“What makes a good photograph is not its beauty… What separates your own unique work from an ordinary photograph is that the viewer will remember it.” Mr. Yan Xiao (pictured left in photo), an award-winning photojournalist currently residing in the West Chester area, stated this as he reflected on his view of life through the lens of the camera.
His photographic journey began as a third grader living in a household with a limited income due to changes caused by the Cultural Revolution in China. Inspired by his older cousin, he first began taking photos using a Dong Fang film camera which his father saved up for bit by bit. Since then, and after immigrating to the United States, he has been recognized for his photography as the winner of the 1996 PSA Gold Medal for Best Photojournalism, as well as the first prize winner for the 1991 City Hall Photography Contest. He has continued to use photography to document the world around him throughout his daily life.
Online, Mr. Yan Xiao goes by the name “Old Gun.” He explained he chose this name because it reflects the essence of his work as a war correspondent during the Iraq War in 2003, illustrating that “his camera is like his gun.”
Without further ado, here are nine tips by Mr. Yan Xiao to better capture the beauty of the world around you — with a camera in hand.
1. Take candid shots
The art of photography is that you can find beauty occurring naturally all around you. You don’t need to set up a scene or pose. You don’t need to spend lots of time preparing. Nature can surprise you — in fact, often the most meaningful photographs are taken candidly as life simply goes about its journey.
Mr. Yan Xiao explains, “Don’t pose for photos — capture these moments as you see them for they may be once in a lifetime
2. Look for contrast
Displaying contrast within the scenery is helpful in drawing the viewer’s attention. Then, by unifying these elements together with a common theme, the photo will look both cohesive and interesting.
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Mr. Yan Xiao explains, “Within my photos there are two elements, and though contrasting, they are connected.”
3. Less is more when it comes to naming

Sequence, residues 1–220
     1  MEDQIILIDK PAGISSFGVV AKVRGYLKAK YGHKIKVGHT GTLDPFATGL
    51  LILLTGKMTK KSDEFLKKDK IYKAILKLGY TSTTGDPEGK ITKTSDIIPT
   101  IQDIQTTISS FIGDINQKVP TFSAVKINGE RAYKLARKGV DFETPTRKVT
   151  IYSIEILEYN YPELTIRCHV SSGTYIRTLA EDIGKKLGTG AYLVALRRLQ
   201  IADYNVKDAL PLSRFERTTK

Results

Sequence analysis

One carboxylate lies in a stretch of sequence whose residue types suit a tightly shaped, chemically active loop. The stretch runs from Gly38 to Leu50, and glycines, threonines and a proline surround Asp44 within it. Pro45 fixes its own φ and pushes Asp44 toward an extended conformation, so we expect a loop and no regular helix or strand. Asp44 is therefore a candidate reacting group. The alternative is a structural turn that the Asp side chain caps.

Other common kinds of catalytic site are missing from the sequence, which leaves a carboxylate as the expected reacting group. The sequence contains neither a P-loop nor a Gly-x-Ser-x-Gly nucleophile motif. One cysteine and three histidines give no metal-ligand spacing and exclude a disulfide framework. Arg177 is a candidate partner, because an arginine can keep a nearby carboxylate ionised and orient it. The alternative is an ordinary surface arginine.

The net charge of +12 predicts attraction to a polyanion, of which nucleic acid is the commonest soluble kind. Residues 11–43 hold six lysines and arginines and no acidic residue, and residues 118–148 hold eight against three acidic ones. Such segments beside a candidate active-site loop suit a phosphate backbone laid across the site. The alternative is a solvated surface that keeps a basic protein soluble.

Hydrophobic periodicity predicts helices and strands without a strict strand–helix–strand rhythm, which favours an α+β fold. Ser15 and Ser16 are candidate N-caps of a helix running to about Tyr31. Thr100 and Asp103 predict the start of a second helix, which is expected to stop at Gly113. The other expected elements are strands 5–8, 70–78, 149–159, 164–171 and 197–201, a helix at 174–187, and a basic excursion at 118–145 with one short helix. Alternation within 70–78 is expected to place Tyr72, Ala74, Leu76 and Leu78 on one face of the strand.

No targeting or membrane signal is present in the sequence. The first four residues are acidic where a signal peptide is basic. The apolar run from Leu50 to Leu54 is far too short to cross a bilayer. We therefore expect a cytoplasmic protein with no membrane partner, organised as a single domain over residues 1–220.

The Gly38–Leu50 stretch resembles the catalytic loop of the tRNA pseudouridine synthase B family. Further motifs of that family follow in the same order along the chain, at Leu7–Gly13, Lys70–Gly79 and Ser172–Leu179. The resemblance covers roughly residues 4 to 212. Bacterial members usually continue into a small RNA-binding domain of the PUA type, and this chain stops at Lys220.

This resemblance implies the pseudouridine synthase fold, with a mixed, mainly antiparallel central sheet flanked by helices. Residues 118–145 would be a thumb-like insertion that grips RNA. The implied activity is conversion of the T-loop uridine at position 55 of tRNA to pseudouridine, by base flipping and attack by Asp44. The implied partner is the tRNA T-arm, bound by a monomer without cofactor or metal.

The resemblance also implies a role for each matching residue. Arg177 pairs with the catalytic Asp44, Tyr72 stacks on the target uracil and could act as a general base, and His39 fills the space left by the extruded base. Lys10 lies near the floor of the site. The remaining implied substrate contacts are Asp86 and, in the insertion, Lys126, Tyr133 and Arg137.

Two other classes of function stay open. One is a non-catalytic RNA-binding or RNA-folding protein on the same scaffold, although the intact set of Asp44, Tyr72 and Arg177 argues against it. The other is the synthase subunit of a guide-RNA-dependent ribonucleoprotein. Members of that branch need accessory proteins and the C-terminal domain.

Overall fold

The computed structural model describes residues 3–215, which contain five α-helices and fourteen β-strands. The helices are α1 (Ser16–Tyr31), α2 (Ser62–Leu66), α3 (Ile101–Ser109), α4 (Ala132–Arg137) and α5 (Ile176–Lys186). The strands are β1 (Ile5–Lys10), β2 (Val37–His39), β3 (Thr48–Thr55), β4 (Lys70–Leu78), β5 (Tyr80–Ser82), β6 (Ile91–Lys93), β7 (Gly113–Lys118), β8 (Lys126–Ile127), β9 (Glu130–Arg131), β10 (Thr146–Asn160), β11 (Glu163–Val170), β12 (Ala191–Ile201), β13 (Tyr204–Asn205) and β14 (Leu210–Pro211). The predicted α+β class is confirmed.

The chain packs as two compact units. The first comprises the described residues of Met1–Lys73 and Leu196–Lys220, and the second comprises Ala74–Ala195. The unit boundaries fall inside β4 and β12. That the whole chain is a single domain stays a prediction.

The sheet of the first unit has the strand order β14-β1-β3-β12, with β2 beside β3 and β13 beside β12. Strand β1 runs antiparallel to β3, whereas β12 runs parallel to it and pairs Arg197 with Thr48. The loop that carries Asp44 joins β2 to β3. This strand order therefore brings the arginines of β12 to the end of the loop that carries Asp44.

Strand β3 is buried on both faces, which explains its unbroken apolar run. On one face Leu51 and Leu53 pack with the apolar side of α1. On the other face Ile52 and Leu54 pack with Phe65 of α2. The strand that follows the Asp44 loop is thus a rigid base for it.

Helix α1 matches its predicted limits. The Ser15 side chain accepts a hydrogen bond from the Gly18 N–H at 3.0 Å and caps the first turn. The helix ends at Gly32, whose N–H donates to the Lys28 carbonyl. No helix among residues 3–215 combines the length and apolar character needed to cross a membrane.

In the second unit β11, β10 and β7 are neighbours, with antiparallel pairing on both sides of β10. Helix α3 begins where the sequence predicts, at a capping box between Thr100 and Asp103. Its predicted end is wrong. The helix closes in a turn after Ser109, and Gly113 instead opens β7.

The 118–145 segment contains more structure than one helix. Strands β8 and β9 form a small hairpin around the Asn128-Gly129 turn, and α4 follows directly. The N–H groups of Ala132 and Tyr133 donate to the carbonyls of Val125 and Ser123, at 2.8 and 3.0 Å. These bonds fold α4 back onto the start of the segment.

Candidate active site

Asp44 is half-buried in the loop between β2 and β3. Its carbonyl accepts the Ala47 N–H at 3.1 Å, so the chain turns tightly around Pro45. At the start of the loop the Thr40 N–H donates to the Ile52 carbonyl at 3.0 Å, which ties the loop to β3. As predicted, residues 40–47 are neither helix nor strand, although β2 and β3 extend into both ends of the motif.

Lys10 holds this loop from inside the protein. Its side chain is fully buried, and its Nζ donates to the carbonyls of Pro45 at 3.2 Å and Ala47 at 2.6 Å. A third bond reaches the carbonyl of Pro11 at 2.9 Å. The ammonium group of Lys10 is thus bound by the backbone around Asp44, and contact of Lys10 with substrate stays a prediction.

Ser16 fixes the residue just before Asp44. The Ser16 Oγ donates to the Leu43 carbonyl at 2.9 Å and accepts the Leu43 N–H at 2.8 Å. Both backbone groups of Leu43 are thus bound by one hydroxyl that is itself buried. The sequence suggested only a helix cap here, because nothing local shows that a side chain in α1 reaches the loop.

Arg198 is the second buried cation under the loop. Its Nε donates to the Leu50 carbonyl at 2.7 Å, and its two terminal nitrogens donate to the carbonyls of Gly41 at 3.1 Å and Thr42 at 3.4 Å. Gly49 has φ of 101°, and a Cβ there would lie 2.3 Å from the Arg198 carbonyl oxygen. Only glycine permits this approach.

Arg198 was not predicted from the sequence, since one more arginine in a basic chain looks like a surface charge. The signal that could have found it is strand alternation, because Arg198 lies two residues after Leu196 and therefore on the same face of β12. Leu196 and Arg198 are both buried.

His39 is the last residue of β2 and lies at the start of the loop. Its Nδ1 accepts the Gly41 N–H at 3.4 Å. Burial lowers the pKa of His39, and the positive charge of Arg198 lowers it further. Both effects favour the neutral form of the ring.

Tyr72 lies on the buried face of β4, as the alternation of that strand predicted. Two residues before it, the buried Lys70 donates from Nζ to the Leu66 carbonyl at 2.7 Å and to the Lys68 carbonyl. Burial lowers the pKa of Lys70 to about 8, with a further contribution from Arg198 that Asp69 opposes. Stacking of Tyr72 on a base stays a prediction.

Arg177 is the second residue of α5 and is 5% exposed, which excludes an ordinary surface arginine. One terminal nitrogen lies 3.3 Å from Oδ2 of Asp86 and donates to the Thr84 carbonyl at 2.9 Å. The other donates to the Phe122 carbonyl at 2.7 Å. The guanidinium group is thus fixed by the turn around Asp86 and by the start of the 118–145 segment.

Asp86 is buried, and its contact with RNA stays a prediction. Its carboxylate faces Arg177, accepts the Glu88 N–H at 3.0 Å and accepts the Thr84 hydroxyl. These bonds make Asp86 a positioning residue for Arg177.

“When it comes to naming, the number of words should be minimal; a few characters will take you far,” advises Mr. Yan Xiao, commenting on his 1996 photo Reflection. The photo pictures a U.S. veteran pointing to the name of his comrade on the Vietnam
Veterans Memorial in Washington D.C.
A good name should elevate the viewer’s experience and help the viewer understand what you saw in your photograph. However, it’s important to leave some room for the viewer’s own imagination and interpretation too! Reflection, Mr. Yan Xiao (1996)
4. Capture things that change
Discussing his photograph Distance, 1990 (below), Mr. Yan Xiao commented that he had always wanted to photograph the Philadelphia City Hall, but he recognized that many people have already photographed the building by itself.
However, in Distance, he was able to include a window-wiper moving fast down a neighboring building along with the City Hall in a single raw photograph — making for a much more dynamic and meaningful capture that’s unlikely to come across again. He advises, “Whenever and wherever, record the happenings around you.
5. Don’t rely on Photoshop
Though you may be tempted to alter photos with Photoshop, Mr. Yan Xiao comments on photos created with Photoshop as inferior to genuine photographs. He believes Photoshop is only a tool, not a replacement.
“Photos edited with Photoshop are fake. What you make with Photoshop isn’t real.”
He stated that he believes that a good quality fish will always taste good, no matter how simply you may season it… A bad quality fish, no matter the amount of seasoning you add, will always be bad quality.
6. Photos are history
Recognize photos as history, as they have captured a moment of time to which we can not experience again. Mr. Yan Xiao suggested taking pictures of subjects which change, especially people.
He remarked that, “Today’s photos are tomorrow’s history. Take pictures of people, of old people and of children. (referencing People, Years, and Life by Ilya Ehrenburg) No matter how powerful AI gets, it still will never be able to create history.”
7. Seek beauty right where you are
You don’t have to go far to find interesting or beautiful subjects. In fact, many renowned photojournalists have spent much of their career photographing locally. Below is a photograph taken locally at Valley Forge National Park by Mr. Yan Xiao.
Mr. Yan Xiao suggested, “Discover the beauty which surrounds you, inside and outside your home.” Open your eyes to all of the wonder which resides close by.
Being a photographer or photojournalist means you’re looking for subjects even when you don’t have your camera. You must understand what to look for and what to anticipate. You must imagine — and perhaps then it will become reality.
Commenting on the importance of this skill, Mr. Yan Xiao stated we must, “Take note of your ideas, even if you don’t have a camera at hand, record what you see and store it within you. Then, come opportunity later, you will be able to take the photo.”
Photo taken by Mr. Yan Xiao in Iceland
9. Enrich yourself in the world around you
Lastly, learning photography is not one-dimensional. In order to improve your skills as a photographer you have to gain knowledge of what is happening around you.
To become a better photojournalist, you must first understand the beauty and complexity of the world which surrounds you.
Mr. Yan Xiao shares, “You must learn to appreciate beauty, learn what is good. Learn what things move you.”
*Note: Mr. Yan Xiao’s quotations have been translated from Mandarin to English.